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San Diego City Council unanimously passes Barrio Logan plan update

The City Council approved a new community plan for Barrio Logan today. As KPBS Race and Equity Reporter Cristina Kim tells us it’s an update that’s more than forty years in the making.

Barrio Logan, the heart of San Diego’s Chicano and Latino community, could soon adopt and implement a new community plan. It would be the first update to the community’s growth and development plan in 43 years.

The San Diego City Council unanimously approved the new plan. Councilmembers will review the plan again in January before it is sent to the Coastal Commission some time in 2022.

“This is a great day for the Barrio Logan community,” said Councilmember Vivian Moreno, who represents the neighborhood. “For many years, the residents of Barrio Logan were left behind by the city of San Diego and today marks a new day for this community.”

San Diego Mayor Todd Gloria speaks in Barrio Logan ahead of the vote to update the neighborhood's community plan, Dec. 7, 2021.
Mayor Todd Gloria's office
San Diego Mayor Todd Gloria speaks in Barrio Logan ahead of the vote to update the neighborhood's community plan, Dec. 7, 2021.

Segregated and redlined in the early 20th Century and then carved up by freeways in the 1960s, Barrio Logan residents now suffer from a number of poor health outcomes, including some of the highest rates of asthma in the state.

Long-time residents and community activists say the new plan addresses the racism of the past through anti-displacement measures and an environmental buffer zone, among other things.

“We have to remember that Barrio Logan has been an example of environmental racism,” said Diane Takvorian, the executive director of the nonprofit Environmental Health Coalition, which for decades has advocated with residents for a new community plan. “Now, Barrio Logan stands as a symbol of hope.”

What’s included in the plan?

The extensive Barrio Logan Community Draft Plan covers everything from bike lanes and parks to adding thousands of new housing units in the area.


It is notably the first community plan in the city to include stronger tenant protections and attempt to slow displacement from gentrification, according to Mayor Todd Gloria's office.

The plan's specifics include:

  • A 65-acre swath of land that will serve as a commercial buffer between where people live and the working waterfront. In 2014, this buffer zone was at the heart of a battle between residential and industrial interests that led to a previously-approved plan being repealed by voters.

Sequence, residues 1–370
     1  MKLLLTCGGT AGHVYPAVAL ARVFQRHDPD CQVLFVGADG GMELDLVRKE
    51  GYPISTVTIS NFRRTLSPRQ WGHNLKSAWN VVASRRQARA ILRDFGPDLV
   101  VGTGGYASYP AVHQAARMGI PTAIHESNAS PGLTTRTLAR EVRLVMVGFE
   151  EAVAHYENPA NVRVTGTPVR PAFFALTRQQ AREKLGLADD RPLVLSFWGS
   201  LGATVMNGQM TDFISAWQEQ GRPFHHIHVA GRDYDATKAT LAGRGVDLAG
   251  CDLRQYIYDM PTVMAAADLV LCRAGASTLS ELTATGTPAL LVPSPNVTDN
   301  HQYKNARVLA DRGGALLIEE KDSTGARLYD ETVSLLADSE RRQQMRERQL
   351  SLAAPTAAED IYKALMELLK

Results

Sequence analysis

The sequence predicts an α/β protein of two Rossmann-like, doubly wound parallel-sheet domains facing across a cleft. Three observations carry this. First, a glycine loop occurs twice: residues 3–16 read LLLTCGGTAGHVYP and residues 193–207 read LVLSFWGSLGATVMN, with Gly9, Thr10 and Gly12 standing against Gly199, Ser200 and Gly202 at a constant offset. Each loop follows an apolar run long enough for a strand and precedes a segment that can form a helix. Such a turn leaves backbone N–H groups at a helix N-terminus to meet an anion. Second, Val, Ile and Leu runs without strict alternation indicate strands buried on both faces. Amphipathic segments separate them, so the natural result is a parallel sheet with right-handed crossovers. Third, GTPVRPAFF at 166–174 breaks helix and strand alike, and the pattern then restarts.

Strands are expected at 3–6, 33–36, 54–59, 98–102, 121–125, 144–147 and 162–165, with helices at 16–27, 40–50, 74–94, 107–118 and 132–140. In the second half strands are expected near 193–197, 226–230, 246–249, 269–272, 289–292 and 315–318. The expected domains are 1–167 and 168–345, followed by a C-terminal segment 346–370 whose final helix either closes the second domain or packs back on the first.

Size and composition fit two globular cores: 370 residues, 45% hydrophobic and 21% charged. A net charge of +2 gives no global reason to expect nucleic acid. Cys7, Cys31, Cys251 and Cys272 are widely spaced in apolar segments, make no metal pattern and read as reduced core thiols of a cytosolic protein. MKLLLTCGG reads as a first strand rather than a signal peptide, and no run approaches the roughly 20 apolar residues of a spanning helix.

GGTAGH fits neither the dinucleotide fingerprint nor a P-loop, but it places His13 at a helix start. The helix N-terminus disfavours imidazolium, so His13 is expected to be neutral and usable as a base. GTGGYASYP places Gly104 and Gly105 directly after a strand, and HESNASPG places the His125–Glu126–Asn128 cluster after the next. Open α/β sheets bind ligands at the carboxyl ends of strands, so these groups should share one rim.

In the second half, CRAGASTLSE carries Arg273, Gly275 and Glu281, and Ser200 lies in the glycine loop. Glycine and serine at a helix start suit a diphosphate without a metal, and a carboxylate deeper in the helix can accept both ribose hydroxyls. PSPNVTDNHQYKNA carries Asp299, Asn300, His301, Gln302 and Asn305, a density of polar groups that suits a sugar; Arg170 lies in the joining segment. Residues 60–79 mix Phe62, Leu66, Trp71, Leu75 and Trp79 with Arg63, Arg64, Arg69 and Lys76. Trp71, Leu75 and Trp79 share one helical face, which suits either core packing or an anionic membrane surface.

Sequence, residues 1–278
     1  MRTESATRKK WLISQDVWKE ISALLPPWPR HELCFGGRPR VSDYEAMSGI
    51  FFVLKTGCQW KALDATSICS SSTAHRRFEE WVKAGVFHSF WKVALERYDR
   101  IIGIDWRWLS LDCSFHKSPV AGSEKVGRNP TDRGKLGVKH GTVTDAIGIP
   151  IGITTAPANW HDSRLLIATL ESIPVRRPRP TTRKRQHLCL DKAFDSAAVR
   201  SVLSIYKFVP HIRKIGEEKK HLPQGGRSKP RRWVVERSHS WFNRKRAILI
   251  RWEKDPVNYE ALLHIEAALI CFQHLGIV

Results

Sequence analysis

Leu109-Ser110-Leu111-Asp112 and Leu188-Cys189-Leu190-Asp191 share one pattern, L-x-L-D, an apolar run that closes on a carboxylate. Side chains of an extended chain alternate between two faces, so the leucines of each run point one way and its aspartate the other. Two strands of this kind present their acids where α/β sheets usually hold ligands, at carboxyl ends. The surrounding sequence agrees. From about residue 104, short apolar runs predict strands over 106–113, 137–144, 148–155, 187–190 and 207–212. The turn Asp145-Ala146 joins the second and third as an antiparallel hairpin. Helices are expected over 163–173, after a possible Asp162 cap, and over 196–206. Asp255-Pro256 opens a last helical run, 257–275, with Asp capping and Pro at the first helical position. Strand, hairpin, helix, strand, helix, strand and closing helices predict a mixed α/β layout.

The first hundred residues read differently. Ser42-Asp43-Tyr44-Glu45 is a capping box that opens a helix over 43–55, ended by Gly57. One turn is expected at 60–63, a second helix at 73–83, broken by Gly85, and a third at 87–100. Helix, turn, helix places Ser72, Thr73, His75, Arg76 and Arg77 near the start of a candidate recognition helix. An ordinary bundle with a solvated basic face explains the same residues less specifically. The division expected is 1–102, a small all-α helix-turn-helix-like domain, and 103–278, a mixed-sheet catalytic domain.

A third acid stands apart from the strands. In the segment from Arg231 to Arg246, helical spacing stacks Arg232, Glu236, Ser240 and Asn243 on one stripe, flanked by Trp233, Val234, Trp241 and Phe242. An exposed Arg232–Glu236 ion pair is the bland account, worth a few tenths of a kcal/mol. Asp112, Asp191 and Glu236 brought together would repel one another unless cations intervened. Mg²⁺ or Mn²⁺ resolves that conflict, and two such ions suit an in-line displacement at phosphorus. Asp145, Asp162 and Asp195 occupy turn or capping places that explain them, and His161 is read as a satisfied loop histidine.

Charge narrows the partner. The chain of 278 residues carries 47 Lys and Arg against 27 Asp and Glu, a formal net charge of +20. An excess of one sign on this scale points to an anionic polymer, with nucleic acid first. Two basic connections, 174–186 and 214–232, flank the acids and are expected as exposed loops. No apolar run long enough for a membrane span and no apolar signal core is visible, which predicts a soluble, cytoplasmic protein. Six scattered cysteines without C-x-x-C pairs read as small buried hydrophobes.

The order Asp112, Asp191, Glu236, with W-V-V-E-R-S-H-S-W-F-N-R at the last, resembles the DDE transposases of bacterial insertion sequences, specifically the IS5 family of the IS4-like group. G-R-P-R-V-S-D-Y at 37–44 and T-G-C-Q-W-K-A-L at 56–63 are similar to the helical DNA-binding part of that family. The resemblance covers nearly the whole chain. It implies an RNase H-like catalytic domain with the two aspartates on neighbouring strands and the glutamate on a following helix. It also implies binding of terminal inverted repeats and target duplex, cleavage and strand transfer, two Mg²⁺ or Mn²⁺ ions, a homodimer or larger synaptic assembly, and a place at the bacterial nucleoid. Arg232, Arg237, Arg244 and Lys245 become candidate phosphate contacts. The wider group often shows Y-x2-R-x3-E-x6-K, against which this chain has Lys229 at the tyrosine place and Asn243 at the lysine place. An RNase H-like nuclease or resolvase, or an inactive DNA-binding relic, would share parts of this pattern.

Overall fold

• A recommendation to change city housing regulations to ensure that at least the same number of homes removed in Barrio Logan are rebuilt, that tenants forced to relocate for new developments have ample notice and that Barrio Logan residents are given priority for 75% of all newly developed affordable housing.
  • A strengthening of the city’s regulation of condominium conversions by proposing that Barrio Logan tenants receive adequate notice and relocation assistance.
  • A requirement that any new residential or mixed-use development with 10 or more dwelling units include at least 15% affordable housing.
  • Designated truck routes established to discourage diesel trucks from using residential streets that cut through the community to access the marine terminals and freeways.
Image of the proposed "Transition Area," October 2021.
Barrio Logan Community Plan
Image of the proposed "Transition Area," October 2021.

Why did it take so long?

Barrio Logan's many competing interests have repeatedly delayed the community’s ability to update its growth plan.

About half the neighborhood is Port of San Diego or US Navy land and the remaining area is a mix of residential, commercial and industrial zoning. Barrio Logan is also under the jurisdiction of the California Coastal Commission, which is why the plan must be approved by both the City Council and Coastal Commission.

San Diego City Council unanimously passes Barrio Logan plan update
Listen to this story by Cristina Kim.

In 2013, an updated community plan was approved only to be rolled back by a maritime industry-funded referendum in 2014. The setback was seen as a huge blow for residents of the area who had spent five years crafting the plan over the course of 50 community meetings.

Residents and industry groups remained locked in a standstill until 2019 when representatives from the Barrio Logan Planning Group, the Environmental Health Coalition and the shipbuilding and ship repair industry began to work on an agreement.

A memorandum of understanding signed in May 2020 helped finally push the plan forward, said Mark Steele, chair of the Barrio Logan Community Planning Group.

“It created the ability for everyone to succeed,” he said. “Everybody won.”

While the maritime industry opposed the past plan update, this time it appears to be on board.

“We in industry have put forth a lot of effort to make sure that we get to this point,” said Derry Pence, president of the Port of San Diego Ship Repair Association. “While the residents are extremely proud of the outcome, so are we.”

The vote on Tuesday is just the first step in a longer process. However, though the plan is far from finalized, Nahomi Sanchez, who grew up and lives in Barrio Logan, said the vote is cause for celebration.

“We deserve this long-overdue justice in our community,” she said.